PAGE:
An unscheduled stop for Alonso after the team noticed a slow puncture meant that he lost time but crucially not his top ten position. He rejoined ahead of Kimi Raikkonen, who a couple of laps later reported a “wrong sound” in his car. The team investigated and informed him that his MGU-K failed, which put him at a significant loss on the straights, with him losing 2 seconds per-sector to Rosberg who was catching on the Medium tyres.
But before he was able to get onto his gearbox, the Virtual Safety Car was deployed after the front wing of Nico Hulkenberg, who was running in seventh place, failed on the start/finish straight and turned itself into carbon fibre confetti, sending the Force India with a significant loss of downforce straight into the barrier at the end of the straight.
This eventually turned into an actual Safety Car period, which prompted a number of drivers to pit for their final stop. Both Mercedes and Ferrari drivers emerged with new sets of Mediums on, which surprised most of us when it looked like Rosberg was on course to switch to the Soft for the final stint. This turned out to be what Ricciardo did, which allowed him to get right onto the back of Hamilton when we restarted.
However as the pair approached turn one side-by-side, Hamilton locked up and went straight into the side of Ricciardo, damaging his front end and putting Ricciardo off the track who rejoined infront of the Mercedes driver who was still trying to defend his position from Bottas, Kvyat, and Verstappen into turn four, which resulted in the melee of cars getting bunched up and the inevitable contact between Verstappen and Bottas going into turn five.
Hamilton received a drive-thru for the contact, which added insult to injury as he began to set into damage limitation mode.
Further up front Ricciardo made his way past Raikkonen who was eventually retired by Ferrari with his continued MGU-K problem, despite them doing the old ‘have you tried switching it off, then back on again’ trick in the pits.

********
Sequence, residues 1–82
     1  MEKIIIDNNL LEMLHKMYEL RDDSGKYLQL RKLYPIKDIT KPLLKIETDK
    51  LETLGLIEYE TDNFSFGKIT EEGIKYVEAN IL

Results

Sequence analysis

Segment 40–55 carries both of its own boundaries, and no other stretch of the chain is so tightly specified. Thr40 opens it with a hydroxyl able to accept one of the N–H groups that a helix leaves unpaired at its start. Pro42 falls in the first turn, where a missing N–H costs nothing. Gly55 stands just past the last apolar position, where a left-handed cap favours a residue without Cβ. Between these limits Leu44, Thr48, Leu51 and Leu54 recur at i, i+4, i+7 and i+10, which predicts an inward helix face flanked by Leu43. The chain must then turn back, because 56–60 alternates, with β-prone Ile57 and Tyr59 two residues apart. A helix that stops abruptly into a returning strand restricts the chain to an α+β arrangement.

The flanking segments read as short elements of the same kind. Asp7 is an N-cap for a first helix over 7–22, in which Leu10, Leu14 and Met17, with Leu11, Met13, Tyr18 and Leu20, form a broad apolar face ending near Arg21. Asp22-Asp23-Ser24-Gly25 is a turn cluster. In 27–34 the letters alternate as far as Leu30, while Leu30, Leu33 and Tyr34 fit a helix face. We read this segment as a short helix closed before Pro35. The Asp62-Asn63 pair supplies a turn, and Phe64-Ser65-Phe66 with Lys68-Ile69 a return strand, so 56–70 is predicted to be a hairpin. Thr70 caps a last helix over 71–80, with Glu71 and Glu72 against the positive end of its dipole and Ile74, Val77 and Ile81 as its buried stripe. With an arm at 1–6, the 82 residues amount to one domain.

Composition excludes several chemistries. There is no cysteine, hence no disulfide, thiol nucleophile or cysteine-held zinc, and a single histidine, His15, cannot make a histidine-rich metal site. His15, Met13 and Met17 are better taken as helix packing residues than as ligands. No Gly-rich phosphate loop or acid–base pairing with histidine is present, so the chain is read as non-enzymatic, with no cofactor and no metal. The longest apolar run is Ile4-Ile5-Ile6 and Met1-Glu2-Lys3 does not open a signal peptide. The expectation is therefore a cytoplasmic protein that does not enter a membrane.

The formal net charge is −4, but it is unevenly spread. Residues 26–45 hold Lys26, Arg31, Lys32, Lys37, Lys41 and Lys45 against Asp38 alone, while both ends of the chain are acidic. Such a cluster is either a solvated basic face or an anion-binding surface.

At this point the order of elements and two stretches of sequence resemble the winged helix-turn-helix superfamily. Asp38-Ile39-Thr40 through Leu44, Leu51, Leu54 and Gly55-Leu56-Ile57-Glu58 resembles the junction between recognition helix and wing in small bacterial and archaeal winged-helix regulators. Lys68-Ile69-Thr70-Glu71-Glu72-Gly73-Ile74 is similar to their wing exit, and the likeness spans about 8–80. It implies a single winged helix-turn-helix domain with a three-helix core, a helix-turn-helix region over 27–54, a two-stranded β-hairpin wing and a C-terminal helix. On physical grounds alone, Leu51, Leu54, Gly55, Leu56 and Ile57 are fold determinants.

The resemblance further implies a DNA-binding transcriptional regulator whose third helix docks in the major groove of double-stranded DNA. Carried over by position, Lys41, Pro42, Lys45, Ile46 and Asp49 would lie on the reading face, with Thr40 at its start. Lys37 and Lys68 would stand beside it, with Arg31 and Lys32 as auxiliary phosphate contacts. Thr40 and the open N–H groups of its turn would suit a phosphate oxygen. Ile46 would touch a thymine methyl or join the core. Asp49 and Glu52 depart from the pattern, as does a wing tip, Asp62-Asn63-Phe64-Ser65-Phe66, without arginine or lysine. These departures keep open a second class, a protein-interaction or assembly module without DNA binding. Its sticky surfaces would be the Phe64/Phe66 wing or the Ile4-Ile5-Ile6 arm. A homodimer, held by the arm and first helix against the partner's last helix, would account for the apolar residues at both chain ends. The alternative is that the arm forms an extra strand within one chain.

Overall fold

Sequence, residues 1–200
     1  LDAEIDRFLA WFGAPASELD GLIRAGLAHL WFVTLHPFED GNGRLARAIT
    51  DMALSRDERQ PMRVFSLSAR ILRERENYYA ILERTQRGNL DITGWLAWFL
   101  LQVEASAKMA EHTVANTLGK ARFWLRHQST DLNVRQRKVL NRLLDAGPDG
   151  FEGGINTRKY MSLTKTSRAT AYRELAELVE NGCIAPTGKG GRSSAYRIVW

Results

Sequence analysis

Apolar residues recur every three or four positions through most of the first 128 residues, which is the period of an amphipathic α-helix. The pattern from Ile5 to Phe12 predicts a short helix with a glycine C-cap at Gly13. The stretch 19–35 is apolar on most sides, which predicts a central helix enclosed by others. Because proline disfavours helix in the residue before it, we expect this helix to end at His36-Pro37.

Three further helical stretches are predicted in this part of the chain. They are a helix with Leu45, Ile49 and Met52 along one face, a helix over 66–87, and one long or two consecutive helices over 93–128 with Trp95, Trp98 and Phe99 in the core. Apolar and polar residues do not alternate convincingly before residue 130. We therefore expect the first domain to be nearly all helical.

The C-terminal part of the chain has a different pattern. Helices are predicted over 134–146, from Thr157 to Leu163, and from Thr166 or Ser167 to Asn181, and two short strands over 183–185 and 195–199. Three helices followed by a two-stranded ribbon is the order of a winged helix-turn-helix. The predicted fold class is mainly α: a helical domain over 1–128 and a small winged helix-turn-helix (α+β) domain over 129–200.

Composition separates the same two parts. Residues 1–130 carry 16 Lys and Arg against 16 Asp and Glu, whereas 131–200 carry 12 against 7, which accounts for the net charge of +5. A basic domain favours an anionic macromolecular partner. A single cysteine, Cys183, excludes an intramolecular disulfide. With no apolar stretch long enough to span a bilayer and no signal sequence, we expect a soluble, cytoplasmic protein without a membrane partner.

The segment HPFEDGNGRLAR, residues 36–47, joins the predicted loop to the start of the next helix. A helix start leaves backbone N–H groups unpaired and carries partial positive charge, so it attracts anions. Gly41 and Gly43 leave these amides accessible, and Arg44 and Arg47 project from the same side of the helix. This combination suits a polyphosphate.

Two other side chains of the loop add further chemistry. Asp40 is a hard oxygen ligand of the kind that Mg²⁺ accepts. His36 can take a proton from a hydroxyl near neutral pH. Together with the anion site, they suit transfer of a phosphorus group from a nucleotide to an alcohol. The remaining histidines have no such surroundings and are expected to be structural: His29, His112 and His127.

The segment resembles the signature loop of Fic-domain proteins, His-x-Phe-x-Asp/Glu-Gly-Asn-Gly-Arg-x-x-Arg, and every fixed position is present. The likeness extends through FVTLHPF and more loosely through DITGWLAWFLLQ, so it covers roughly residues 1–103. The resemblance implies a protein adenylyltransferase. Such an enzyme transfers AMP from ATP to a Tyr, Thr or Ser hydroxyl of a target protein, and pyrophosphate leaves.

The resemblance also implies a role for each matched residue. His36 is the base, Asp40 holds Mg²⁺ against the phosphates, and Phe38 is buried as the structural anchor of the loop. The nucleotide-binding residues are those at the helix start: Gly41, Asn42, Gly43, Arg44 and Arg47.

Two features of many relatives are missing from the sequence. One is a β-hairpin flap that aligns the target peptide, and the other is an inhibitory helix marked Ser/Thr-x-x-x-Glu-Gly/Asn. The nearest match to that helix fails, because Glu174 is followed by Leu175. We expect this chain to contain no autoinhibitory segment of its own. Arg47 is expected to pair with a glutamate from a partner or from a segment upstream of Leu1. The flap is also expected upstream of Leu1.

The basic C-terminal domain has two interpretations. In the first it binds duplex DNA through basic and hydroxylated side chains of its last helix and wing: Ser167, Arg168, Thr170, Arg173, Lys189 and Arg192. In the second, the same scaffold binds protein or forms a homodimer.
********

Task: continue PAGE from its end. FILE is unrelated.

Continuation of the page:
The Red Bull driver looked like he was closing in on Rosberg, getting within DRS range at one point. However the Red Bull lacked straight line speed, which meant any move at his favourite corner (turn one!) had to come from a long way back.
Sure enough he did, but he left it a day late and a dollar short on the brakes, which allowed Rosberg to get the switch back. As he made the manoeuvre to move ahead though, the rear right made contact with Ricciardo’s front wing, causing an instant puncture on Rosberg’s car and significant front wing damage to Ricciardo. The stewards branded the contact as a racing incident, however Rosberg dropped behind Hamilton in the points who made it up to sixth whilst he pitted, whereas Kvyat moved into second place.
At this point all eyes switched to Sebastien Vettel, who amidst all the action behind him kept his cool to take his second win of the season. The Ferrari driver dedicated the win to the late Jules Bianchi, who of course was apart of the Ferrari Young Driver programme and tipped to be a future driver of the famous Maranello-based team.
Max Verstappen crossed the finish line in fourth place in the Toro Rosso, whilst Fernando Alonso making it across in fifth ahead of Hamilton, Grosjean, Rosberg, Button, and Ericsson taking the final points-paying position.